The Great Petraeus

23:38 Fri 14 Sep 2007. Updated: 00:39 15 Sep 2007
[, , ]

Was there ever any doubt about how General Petraeus’s reports to Congress were going to go? Did anyone really believe there was any chance that he’d stand up there and say “it’s not working, we need to leave immediately”? He was always going to say what the Bush Administration wanted him to say. He slipped up once, when he said that he didn’t know if the Iraq War was making Americans safer, but swiftly corrected himself given the chance.

This piece from Jon Stewart sums it up rather well:

This “great general” rather obviously a mouthpiece for this administration, and nothing more. They have their own reasons for wanting to keep troops in Iraq, and they don’t have anything to do with respect for Petraeus, or respect for the military in general.

It’s still amazing to me that Americans fall for this idea that the people who sent US soldiers out to kill and die, and who keep them out there killing and dying, are “supporting” the troops, while those who opposed sending them out to kill and die, and who want now to stop them from having to do so, are “against” the troops. The idea that “anti-war” is somehow “anti-soldier” inherently, and that some great contortions are required to get around this, is utterly ludicrous. Yet, like so much else that’s ludicrous, it seems to stick.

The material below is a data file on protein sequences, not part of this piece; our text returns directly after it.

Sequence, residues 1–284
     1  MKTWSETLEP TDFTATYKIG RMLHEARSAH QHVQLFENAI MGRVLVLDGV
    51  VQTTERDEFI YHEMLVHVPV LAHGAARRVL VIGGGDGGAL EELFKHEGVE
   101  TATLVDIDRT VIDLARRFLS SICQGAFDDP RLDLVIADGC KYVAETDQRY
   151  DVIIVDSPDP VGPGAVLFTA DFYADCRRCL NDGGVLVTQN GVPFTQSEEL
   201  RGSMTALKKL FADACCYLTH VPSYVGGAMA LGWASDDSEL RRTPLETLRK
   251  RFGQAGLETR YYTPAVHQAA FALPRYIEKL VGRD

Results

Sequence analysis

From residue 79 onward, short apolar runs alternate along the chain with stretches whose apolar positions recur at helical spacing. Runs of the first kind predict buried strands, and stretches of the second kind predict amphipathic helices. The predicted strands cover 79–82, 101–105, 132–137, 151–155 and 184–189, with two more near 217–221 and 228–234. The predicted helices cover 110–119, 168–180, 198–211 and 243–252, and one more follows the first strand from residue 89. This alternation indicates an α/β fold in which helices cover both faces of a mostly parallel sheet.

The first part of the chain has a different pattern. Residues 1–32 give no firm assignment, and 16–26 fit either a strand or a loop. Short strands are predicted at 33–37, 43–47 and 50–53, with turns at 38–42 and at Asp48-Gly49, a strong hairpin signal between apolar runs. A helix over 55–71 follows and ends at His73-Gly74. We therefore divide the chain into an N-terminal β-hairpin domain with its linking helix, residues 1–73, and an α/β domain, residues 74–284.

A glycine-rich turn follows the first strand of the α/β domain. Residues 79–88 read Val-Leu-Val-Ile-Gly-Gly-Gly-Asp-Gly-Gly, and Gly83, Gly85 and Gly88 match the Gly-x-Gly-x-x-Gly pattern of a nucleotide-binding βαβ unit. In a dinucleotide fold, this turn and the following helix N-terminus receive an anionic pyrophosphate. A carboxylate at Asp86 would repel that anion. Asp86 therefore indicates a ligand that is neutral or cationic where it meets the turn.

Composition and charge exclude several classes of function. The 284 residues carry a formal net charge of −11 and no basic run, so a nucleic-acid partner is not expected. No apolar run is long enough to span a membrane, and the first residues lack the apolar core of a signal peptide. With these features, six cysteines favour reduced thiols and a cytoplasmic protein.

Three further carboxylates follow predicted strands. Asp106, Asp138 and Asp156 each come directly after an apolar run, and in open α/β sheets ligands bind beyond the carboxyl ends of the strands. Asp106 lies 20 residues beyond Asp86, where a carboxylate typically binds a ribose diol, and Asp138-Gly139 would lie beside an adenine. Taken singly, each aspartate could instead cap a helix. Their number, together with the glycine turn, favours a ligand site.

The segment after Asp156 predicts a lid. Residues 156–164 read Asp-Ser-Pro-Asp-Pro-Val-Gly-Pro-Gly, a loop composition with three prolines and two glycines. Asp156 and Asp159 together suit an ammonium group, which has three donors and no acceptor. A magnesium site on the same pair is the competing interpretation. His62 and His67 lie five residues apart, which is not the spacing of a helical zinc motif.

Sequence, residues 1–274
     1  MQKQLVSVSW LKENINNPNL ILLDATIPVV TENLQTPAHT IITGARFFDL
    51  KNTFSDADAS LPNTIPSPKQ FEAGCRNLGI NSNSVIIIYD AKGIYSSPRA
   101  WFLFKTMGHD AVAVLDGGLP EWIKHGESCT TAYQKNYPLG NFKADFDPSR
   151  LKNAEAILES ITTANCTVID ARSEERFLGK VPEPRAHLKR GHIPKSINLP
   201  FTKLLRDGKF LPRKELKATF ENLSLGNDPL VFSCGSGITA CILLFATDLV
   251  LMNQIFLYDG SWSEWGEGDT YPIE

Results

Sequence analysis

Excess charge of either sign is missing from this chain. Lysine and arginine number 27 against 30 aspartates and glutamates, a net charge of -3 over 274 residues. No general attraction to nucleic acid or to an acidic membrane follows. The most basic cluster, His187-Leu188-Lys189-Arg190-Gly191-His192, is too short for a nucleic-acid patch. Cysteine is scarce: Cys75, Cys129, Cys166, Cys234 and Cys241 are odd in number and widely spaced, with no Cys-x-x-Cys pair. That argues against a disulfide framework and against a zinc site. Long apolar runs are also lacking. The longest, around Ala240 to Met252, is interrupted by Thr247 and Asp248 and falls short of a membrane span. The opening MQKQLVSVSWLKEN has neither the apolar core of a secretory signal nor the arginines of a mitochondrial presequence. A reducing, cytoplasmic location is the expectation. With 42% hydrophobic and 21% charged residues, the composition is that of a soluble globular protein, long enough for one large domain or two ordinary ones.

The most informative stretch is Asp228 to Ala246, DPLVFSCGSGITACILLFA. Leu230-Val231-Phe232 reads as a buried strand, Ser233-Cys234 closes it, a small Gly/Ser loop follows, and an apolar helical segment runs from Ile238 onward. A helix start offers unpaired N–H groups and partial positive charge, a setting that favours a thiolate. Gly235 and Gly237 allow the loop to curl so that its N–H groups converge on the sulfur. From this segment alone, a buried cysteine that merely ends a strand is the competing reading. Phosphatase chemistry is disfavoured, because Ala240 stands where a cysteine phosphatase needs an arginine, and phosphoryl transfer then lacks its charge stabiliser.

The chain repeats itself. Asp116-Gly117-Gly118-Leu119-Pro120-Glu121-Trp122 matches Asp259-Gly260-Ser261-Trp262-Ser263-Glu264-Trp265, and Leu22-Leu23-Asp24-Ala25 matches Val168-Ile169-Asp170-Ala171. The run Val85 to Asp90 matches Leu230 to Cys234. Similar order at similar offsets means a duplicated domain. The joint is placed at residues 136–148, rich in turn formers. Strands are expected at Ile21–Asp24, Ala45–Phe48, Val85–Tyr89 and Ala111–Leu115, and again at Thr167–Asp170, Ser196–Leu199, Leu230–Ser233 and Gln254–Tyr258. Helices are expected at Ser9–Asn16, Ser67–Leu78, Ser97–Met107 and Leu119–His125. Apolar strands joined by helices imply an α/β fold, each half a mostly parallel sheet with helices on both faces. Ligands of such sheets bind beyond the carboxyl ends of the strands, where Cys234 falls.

2 Responses to “The Great Petraeus”

  1. Joseph A. Ferry Says:

    Was there any doubt that dopey liberals like you would make a comment like that?

    Go back to Ireland you moron.

  2. Tadhg Says:

    Joseph: At first I was convinced that your comment must be a parody, since it was completely devoid of content and didn’t address any of the points from the post while also mustering lame insults. Sadly, I now think that was an overly hopeful reading.

    I’m aware that setting the bar for intelligent discourse too high can exclude many who are simply unpracticed at debate, and can also be abused to hide all kinds of other exclusionary methodologies—but still, is that the best you can do? Try some analysis, some unpacking of assumptions (on both sides), some application of your (presumed) faculties for reason… something!

Leave a Reply